Forget Hollywood. Forget Silicon Valley. The new great hope for California is the mighty Pacific Ocean and the powerful winds that drive its great waves, offering a fresh source of renewable energy to power homes and industries.

An executive order issued in the first week of Joe Biden’s US administration set an ambitious national goal of deploying 30 gigawatts (GW) of offshore wind energy by 2030, breaking sharply with the former president Donald Trump’s administration. For decades, the sector has been stymied by regulatory minefields involving multiple federal and state agencies, as well as litigation and a 10-year moratorium imposed by the Trump administration.


East coast leads the way

In May, four months after Mr Biden’s announcement, Vineyard Wind near Massachusetts became the first commercial-scale offshore wind farm in the US to win federal approval — after a five-year process. 

Vineyard Wind “is not about the start of a single project, but the launch of a new industry”, rejoiced the company’s chief executive, Lars T Pedersen. 

The company is a joint venture between Avangrid Renewables, a subsidiary of Spain’s Iberdrola Group, and Denmark’s Copenhagen Infrastructure Partners (CIP). At least another 11 offshore wind farms along the US east coast are in various stages of review by the federal Bureau of Ocean Energy Management (BOEM). 

Prominent among them are foreign companies benefiting from the dearth of a US industry. Developers such as Denmark’s Ørsted A/S, Norway’s Equinor and Aker Offshore Wind, the Netherlands’ Shell, the UK’s BP and France’s EDF Group are eyeing US ventures.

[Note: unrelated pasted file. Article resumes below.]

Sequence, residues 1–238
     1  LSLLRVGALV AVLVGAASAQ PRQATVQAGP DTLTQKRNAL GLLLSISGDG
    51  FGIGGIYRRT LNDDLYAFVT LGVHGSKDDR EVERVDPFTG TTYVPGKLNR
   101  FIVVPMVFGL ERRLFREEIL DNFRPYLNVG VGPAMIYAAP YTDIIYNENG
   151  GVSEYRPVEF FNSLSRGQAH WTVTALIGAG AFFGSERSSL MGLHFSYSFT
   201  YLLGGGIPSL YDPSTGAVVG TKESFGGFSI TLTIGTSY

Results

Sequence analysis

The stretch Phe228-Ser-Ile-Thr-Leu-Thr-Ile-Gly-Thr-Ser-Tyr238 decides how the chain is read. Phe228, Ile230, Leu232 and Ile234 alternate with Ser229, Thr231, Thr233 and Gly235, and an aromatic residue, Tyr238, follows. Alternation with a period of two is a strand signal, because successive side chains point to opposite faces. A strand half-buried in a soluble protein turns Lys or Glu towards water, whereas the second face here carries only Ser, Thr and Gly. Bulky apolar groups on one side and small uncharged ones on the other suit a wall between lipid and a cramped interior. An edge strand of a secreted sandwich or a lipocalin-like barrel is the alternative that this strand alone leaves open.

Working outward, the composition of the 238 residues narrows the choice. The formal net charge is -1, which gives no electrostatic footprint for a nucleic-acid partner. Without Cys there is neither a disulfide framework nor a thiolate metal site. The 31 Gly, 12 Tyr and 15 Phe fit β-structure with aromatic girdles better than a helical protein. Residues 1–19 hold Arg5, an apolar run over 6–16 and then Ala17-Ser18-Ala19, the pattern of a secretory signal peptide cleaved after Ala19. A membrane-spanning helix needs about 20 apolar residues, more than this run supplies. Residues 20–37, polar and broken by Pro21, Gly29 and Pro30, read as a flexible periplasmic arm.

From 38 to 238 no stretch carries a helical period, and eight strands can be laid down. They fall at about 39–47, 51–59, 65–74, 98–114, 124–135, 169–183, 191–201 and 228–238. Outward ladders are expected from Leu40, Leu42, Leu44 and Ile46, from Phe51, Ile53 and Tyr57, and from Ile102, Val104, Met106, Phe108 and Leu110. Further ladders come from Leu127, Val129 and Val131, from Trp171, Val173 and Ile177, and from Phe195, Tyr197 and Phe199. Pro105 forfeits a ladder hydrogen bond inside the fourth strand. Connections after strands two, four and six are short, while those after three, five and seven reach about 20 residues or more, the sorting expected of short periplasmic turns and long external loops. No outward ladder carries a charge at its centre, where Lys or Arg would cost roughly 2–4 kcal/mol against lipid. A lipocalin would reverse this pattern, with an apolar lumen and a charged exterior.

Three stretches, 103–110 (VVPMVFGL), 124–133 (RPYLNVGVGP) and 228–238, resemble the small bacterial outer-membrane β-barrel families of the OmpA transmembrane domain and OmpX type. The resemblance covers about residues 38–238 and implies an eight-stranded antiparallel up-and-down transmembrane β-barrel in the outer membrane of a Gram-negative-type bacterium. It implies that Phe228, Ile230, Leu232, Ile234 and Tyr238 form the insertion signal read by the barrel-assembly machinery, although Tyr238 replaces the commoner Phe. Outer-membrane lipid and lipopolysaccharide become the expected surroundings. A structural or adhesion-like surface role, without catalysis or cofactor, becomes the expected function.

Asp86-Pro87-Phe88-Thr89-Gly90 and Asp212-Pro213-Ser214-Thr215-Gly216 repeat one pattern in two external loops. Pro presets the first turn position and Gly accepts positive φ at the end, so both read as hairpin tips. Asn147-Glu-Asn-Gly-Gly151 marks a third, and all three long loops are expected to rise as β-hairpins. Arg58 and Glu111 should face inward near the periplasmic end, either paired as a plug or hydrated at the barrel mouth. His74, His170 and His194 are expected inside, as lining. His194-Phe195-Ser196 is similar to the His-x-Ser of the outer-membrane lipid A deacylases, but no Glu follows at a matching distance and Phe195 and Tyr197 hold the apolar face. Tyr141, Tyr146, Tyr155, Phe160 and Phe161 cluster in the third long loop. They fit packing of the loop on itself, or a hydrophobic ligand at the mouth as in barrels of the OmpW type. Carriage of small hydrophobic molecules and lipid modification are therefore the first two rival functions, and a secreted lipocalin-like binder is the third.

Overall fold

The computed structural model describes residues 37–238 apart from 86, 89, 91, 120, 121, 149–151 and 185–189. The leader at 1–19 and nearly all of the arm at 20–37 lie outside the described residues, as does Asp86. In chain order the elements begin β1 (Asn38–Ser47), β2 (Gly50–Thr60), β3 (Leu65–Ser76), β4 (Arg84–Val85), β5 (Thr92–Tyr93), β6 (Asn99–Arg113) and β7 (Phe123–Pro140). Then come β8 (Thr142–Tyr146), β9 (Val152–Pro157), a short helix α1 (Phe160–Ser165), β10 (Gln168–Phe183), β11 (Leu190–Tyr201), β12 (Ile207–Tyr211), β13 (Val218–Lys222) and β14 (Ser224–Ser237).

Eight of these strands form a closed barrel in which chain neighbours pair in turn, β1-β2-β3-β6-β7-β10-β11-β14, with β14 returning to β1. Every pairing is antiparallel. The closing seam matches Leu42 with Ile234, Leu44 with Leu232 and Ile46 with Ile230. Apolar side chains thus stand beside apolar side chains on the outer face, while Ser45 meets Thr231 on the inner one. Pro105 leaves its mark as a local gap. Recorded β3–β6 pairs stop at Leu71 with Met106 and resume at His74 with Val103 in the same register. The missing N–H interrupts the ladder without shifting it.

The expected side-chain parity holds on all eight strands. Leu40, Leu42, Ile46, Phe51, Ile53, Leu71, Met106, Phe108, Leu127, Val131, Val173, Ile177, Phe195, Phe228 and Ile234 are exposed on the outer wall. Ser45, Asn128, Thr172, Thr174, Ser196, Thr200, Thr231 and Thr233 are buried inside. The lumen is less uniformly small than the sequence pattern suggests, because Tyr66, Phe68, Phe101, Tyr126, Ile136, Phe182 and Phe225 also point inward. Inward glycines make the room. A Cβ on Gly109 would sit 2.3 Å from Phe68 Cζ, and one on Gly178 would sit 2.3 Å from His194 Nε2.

Time to catch up

With the ball rolling on the east coast, the Biden administration threw its weight behind offshore wind power along the Pacific coast on the other side of the country. It aims to trigger billions in annual capital investment, create thousands of jobs in supportive infrastructure and new US supply chains, and combat climate change. Accordingly, on May 25, federal agencies in collaboration with California’s governor Gavin Newsom announced an agreement to advance areas for offshore wind in the state. 

Off California’s Humboldt coastline, BOEM recently gave the go-ahead for an environmental review of 207 square miles of open water in preparation for a mid-2022 auction of leases for floating offshore wind turbines. Ocean Winds, a joint venture between Portugal’s EDP Renováveis and French utility company Engie, has announced it will bid for a lease to construct a commercial-scale floating wind farm. The project is a joint venture with Aker Offshore Wind, in partnership with US-based Principle Power and Redwood Coast Energy Authority. 

A second area, still awaiting the go-ahead, consists of 399 square miles off central California’s Morro Bay. Leases for this area will be auctioned on the same date as Humboldt. 

Together, the government estimates, they could supply up to 4.6GW of clean energy, enough to power 1.6 million homes. Multiple leases could be granted. 

A joint venture between Seattle-based Trident Winds and EnBW North America — a subsidiary of German renewable energy company EnBW — to develop Castle Wind, a floating wind project in the Morro Bay area, intends to bid. 

In all, 14 wind-energy developers have signalled interest in commercial leases in California waters, a BOEM spokesman said. Success will depend on winning over environmentalists and commercial fishermen, who see their livings as imperilled, as well as technological challenges.